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Optimizing Adherence to Oral Chemotherapy

According to a single-center study reported by Jacobs et al in the Journal of Oncology Practice, the strongest predictor of treatment adherence in patients receiving oral chemotherapy was improved satisfaction with clinician communication and treatment. Also predictive of adherence was a reduced sense of burden to family or friends.

Nearly 100 patients (including 50 women) took part in this prospective study. These patients had chronic myeloid leukemia or metastatic renal cell carcinoma, non–small cell lung cancer (NSCLC), or breast cancer. They were recruited from the cancer outpatient clinic at a major medical center in Boston. At least 2 weeks before enrollment in the study, these patients had been prescribed an oral tyrosine kinase inhibitor, endocrine therapy, or capecitabine.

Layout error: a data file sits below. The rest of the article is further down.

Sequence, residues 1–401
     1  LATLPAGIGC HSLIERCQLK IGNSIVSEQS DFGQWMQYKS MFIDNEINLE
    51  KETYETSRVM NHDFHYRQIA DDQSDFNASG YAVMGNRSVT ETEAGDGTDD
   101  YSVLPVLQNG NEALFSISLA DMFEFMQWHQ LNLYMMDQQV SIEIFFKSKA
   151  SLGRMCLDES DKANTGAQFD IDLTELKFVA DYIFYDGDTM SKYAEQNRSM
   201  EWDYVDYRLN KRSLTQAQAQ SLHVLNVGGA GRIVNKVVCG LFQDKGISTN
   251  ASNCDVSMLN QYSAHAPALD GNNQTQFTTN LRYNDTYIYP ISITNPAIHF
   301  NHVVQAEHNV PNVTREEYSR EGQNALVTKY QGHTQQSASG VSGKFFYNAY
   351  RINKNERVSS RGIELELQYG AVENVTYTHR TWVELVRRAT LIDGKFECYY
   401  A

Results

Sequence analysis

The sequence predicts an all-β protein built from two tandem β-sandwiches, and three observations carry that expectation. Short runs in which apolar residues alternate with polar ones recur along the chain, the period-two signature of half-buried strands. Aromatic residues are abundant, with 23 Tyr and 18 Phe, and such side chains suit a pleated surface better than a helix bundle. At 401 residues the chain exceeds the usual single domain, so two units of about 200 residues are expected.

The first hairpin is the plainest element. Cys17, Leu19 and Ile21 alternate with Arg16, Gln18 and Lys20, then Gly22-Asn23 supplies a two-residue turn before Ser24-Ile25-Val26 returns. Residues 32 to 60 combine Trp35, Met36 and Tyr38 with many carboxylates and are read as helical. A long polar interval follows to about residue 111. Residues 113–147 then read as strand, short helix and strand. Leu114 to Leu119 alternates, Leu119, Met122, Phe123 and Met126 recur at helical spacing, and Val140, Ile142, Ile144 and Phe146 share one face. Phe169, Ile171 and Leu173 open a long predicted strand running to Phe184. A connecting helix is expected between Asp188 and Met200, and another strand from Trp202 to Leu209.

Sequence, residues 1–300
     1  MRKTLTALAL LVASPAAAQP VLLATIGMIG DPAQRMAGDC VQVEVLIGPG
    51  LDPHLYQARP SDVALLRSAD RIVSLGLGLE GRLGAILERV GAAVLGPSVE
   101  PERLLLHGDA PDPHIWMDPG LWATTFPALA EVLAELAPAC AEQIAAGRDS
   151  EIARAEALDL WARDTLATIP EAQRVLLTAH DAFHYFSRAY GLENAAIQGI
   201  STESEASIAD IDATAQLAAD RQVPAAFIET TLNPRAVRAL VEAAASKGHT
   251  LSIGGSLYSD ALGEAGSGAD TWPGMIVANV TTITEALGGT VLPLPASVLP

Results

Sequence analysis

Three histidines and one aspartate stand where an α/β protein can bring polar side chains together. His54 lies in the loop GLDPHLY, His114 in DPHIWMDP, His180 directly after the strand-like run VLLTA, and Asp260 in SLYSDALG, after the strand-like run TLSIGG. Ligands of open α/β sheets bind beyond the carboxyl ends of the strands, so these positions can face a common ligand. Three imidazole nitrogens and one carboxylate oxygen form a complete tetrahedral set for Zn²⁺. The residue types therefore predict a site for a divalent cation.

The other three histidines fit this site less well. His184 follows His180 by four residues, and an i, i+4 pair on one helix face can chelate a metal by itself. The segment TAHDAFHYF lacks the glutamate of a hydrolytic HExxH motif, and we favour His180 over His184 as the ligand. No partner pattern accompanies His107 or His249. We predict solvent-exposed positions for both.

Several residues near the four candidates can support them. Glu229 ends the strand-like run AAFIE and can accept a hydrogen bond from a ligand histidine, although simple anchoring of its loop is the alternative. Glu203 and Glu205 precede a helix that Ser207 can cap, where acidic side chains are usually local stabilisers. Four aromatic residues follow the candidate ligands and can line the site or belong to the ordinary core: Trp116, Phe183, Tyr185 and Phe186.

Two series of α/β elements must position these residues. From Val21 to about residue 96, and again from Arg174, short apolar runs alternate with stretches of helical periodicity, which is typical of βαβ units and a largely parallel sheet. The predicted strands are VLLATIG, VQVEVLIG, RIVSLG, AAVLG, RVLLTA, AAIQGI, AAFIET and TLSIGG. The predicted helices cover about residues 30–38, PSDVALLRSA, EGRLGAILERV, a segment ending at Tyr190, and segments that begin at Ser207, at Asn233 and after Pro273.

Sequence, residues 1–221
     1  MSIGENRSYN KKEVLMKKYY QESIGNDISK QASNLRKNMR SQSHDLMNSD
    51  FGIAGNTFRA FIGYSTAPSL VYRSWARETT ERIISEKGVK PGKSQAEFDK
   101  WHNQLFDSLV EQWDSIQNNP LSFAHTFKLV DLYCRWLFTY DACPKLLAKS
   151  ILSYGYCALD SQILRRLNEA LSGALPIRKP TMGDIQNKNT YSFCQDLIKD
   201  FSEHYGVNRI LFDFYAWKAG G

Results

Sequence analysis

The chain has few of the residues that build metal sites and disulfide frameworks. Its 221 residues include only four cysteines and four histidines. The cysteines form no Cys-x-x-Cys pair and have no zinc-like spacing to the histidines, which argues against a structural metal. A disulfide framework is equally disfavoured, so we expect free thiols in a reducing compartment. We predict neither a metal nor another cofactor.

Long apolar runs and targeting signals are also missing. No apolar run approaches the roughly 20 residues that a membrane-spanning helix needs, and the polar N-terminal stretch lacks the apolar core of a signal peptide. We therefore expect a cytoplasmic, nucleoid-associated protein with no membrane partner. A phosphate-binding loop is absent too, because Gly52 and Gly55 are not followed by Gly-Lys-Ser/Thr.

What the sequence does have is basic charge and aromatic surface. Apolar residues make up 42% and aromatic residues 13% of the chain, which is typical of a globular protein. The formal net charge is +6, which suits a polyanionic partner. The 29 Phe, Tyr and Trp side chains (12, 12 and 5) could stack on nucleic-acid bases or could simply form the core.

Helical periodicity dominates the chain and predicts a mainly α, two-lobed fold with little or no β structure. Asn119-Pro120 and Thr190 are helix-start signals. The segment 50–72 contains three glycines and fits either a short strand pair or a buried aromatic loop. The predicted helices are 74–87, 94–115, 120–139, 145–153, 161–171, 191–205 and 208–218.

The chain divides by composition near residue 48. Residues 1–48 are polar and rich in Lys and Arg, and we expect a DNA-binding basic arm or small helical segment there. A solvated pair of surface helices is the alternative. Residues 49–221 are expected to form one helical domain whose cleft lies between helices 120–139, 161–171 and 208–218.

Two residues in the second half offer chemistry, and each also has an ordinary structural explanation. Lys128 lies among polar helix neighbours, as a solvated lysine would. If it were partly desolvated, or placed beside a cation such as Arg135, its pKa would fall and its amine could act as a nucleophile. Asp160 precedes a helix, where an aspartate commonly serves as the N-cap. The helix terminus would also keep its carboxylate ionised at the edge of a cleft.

Over the 12 weeks, on average, 89.3% of patients took their prescribed oral chemotherapy, as measured by the Medication Event Monitoring System. Approximately 25% of the sample was less than 90% adherent. Better adherence seemed to be linked to improvements in patient symptom distress, depressive symptoms, quality of life, satisfaction with clinician communication and treatment, and perceived burden to others.

The investigators concluded: “Interventions that help patients improve communication with clinicians and reduce burden may optimize oral chemotherapy adherence.”

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